How to Shop with Children
QUESTION: I have a hard time taking my 8-year-old daughter shopping. Any ideas on how to keep the outbursts to a minimum?
ANSWER: Most shopping trips with children are full of adventure – some adventures take you to the end of the rainbow while others find you fighting dragons. The best way to manage shopping with children is to avoid it all together. Make arrangements so that you have time to go to the store alone. But, of course this isn’t always possible. The following tips can make those errands a little easier.
- Plan Wisely There are two aspects to this idea of planning. The first is to make sure you are not going to the store when your child is tired or hungry. Even quick trips to the store with a cranky child are more likely to end in disaster. The other aspect of planning is to know what you are shopping for and to get in and out of the store as quickly as possible. Children have short attention spans and are more likely to lose their patience as a trip drags on and on.
- Engage Your Child Busy hands and busy brains can make for much easier trips through a store. Give older children tasks such as finding a particular brand of canned beans or picking out the cereal. Younger children can be kept busy by being in charge of holding the bread or by scratching items off the list as you find them.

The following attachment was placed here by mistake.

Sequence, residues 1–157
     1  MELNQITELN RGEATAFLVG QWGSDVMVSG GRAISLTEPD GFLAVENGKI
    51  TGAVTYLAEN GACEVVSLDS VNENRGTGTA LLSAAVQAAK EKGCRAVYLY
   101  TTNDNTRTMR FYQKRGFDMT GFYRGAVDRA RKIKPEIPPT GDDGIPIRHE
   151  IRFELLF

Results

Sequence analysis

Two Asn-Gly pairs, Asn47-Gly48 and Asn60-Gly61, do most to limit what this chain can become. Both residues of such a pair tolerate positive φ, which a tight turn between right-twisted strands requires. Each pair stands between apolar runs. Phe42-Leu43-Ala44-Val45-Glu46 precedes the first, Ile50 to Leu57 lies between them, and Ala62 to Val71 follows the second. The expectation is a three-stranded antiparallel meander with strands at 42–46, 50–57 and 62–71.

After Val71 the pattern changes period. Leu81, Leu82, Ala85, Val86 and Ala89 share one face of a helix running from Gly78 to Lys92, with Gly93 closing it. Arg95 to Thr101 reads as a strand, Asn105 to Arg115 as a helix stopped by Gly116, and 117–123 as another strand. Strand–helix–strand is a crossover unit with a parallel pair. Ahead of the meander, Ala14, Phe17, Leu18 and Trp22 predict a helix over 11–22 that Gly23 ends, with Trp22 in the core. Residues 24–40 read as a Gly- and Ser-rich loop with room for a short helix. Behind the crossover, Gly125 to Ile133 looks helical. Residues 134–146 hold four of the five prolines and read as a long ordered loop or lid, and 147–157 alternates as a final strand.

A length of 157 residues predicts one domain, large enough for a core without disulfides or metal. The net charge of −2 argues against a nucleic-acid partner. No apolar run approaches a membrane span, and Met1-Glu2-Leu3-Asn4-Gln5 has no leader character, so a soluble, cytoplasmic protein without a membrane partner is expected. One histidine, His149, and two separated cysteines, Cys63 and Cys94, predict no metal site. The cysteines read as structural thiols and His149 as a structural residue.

- Have Conversations Another way to occupy children’s brains is to turn shopping into learning. When walking through the produce area, ask your child to name five things he sees that are red. Look for the letters in her name while perusing the cereal choices. Discuss your ideas for menus over the next week and decide what ingredients you will need.
- Give Your Child Choices “Would you rather have — grapes or animal crackers to eat while we are shopping?” “Which kind of apples do you like best?” When children feel involved and respected, they are much easier to get along with.
- How to Deal with Tantrums If a temper tantrum does occur, there are two ways to deal with it. Ride it out – make sure your child is physically safe, tell her you are there to help when she is ready to calm down, and let her express her anger. The other way is to leave the store with your child. If you give into the demands, you are teaching your child that tantrums are an effective way to get what they want. Either way – know that the people staring at you are often not judging, they are instead thinking, “ahhh, I remember those times, there by the grace of God go I …”
– Michelle Salcedo, M.Ed, Chief Academic Officer of The Sunshine House
Ms. Salcedo has been in the field of early childhood for over 30 years. She has worked as a teacher, a director, a trainer, and a family educator in numerous child care settings. She has also worked in a leadership position in the Education Departments of two of the largest childcare corporations in the United States. Ms. Salcedo has also authored various articles and training modules as well as travelled the country as a trainer and key note speaker at conferences and early childhood events. She has a Master’s Degree in Early Childhood Education and an undergraduate degree in Developmental Psychology with an emphasis in Family Life Education.